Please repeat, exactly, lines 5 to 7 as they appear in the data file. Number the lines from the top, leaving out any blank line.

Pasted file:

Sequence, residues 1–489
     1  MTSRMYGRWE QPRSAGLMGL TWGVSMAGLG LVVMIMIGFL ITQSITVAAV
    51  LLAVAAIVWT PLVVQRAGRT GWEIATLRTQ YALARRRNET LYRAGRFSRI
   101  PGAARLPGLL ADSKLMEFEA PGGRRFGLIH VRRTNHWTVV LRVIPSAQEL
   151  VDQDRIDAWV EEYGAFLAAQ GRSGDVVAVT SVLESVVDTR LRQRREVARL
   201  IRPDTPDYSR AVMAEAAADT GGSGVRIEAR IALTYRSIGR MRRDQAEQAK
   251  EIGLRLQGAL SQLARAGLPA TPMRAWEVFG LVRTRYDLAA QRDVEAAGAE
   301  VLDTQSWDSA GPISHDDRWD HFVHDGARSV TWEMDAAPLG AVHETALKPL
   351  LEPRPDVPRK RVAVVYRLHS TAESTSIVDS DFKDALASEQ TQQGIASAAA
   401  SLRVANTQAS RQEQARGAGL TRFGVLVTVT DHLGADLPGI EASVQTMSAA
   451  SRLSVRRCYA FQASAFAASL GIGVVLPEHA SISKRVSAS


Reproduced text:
   151  VDQDRIDAWV EEYGAFLAAQ GRSGDVVAVT SVLESVVDTR LRQRREVARL
   201  IRPDTPDYSR AVMAEAAADT GGSGVRIEAR IALTYRSIGR MRRDQAEQAK
   251  EIGLRLQGAL SQLARAGLPA TPMRAWEVFG LVRTRYDLAA QRDVEAAGAE